Chairman Cordero Addresses the Ocean Shipping & Trade Summit - Federal Maritime Commission
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Chairman Cordero Addresses the Ocean Shipping & Trade Summit

June 1, 2015

Chairman Cordero delivered the keynote address at the annual Ocean Shipping & Trade Summit, co-sponsored by the Washington Council on International Trade and the Foster Pepper law firm, in Seattle, Washington, May 28, 2015.undefined

The Summit focused on key issues in ocean shipping and international trade policy, and included discussion on an anticipated new agreement between the ports of Seattle and Tacoma – the so called “Northwest Seaport Alliance.”, This new agreement would represent a further commitment by the Ports of Seattle and Tacoma to maximize collaboration to address competitive challenges and further economic opportunities for the Pacific Northwest gateway. Under the contemplated agreement, the port commissions plan to unify management of the two ports’ marine cargo terminals and related functions, combining their respective strengths to address competitive challenges and create new economic opportunities. The Chairman also noted that the Alliance has the potential to address the rapidly increasing competitiveness of the Ports of Vancouver and Prince Rupert in British Columbia, Canada.

In early 2014, the Ports of Seattle and Tacoma also filed the Port of Seattle/Port of Tacoma Discussion Agreement. This Agreement provided a pathway for the ports to engage in formal collaboration to improve port productivity and the competitiveness of the Northwest region. The Chairman noted among the challenges faced by the ports, increased competition from ports across North America; congestion caused by shipping alliances; and addressing the needs of larger container ships were noteworthy. Chairman Cordero acknowledged the importance of the Puget Sound gateway as the third largest container gateway in North America and its economic significance to the Northwest region. The Agreement creates a joint effort between the Ports to address management/operational efficiencies, as well as costs at port container facilities to serve as a model for regional ports to explore opportunities for creative collaboration between normally competitive ports. He commended the Ports for taking the bold step towards working together for the greater good of the region.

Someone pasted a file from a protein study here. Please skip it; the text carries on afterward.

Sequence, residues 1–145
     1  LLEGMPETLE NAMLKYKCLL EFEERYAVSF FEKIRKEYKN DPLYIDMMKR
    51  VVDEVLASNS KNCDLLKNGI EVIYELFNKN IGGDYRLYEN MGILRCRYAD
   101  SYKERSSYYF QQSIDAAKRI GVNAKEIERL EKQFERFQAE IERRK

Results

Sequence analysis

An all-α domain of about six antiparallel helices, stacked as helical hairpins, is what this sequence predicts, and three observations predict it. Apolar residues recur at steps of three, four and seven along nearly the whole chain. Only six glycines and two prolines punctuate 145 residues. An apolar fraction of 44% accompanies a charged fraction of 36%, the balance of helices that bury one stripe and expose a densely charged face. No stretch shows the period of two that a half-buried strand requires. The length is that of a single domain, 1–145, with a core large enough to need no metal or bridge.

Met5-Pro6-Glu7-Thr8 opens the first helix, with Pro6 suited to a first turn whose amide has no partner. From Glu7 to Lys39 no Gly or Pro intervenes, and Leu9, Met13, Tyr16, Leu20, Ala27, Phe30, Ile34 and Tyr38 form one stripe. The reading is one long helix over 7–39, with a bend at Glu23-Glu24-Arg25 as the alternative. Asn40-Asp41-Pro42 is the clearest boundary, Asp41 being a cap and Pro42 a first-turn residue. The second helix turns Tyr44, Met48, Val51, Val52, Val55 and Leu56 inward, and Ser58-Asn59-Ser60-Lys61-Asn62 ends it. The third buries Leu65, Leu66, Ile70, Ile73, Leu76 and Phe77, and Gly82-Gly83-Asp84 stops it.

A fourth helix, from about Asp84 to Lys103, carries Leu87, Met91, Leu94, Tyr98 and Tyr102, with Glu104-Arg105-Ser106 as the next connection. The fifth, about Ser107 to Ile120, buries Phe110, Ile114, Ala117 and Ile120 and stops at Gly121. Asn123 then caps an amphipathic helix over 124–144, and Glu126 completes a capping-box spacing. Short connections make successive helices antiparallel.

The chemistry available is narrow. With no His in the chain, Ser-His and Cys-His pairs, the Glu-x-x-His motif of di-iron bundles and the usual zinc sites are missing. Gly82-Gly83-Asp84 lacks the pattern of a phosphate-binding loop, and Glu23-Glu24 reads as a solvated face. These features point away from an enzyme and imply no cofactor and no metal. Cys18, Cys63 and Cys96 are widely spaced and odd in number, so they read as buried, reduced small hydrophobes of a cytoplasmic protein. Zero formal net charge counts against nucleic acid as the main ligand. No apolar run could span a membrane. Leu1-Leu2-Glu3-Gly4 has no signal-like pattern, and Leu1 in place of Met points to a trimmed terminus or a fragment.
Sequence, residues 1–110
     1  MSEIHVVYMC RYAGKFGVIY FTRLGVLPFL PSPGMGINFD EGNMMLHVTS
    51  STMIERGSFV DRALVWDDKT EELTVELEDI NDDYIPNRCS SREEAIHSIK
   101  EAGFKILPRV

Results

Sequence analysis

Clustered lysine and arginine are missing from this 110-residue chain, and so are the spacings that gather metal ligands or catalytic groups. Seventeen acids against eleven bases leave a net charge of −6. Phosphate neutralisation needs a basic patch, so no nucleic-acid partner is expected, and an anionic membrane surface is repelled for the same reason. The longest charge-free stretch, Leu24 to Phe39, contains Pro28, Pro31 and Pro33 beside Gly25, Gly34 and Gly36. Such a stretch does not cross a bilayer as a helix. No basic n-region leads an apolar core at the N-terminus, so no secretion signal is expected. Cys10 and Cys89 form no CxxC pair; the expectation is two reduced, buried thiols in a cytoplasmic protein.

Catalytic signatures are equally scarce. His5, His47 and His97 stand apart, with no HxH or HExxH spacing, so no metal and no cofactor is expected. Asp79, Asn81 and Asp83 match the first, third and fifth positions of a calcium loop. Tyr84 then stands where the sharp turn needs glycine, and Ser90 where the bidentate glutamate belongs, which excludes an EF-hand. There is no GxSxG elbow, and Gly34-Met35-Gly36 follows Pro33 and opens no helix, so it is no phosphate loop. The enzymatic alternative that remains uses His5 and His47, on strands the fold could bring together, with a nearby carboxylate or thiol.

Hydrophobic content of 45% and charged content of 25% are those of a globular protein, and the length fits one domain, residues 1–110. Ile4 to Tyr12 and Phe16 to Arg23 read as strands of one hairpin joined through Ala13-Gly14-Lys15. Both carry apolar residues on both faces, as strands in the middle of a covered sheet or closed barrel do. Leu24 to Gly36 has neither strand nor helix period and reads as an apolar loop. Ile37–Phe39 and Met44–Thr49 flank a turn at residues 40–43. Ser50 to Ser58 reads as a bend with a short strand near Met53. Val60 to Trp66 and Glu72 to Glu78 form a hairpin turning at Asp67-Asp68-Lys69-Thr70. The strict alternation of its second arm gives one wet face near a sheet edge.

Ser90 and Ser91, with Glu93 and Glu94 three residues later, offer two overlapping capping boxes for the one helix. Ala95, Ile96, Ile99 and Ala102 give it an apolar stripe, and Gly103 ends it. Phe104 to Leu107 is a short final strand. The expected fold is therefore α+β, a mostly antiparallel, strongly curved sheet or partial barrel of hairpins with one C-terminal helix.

Chairman Cordero noted that in Southern California, the Ports of Long Beach and Los Angeles recently moved forward with their own collaborative efforts. The San Pedro Bay Ports filed a similar discussion agreement in order to address operational related questions and maximize their joint efforts in the management of the Southern California port complex.

Chairman Cordero commented on the serious concern related to demurrage and other costs that negatively impact the American shipping community as a result of marine terminal congestion. On this note, the Chairman shared that the FMC continues to address the issue of congestion at our nation’s ports. During the fall of 2014, the Commission held a series of regional public forums in four regional gateways in the U.S. Last month, the FMC released the report on detention and demurrage: Rules, Rates, and Practices Relating to Detention, Demurrage, and Free Time for Containerized Imports and Exports Moving through Selected United States Ports, and is currently working on the next phase of the congestion study. The Chairman acknowledged that that American shippers have expressed their interest in the FMC taking action to address the claimed unfair and unreasonable costs incurred by importers and exporters as a result of congestion. The Chairman noted the Commission will consider all options moving forward.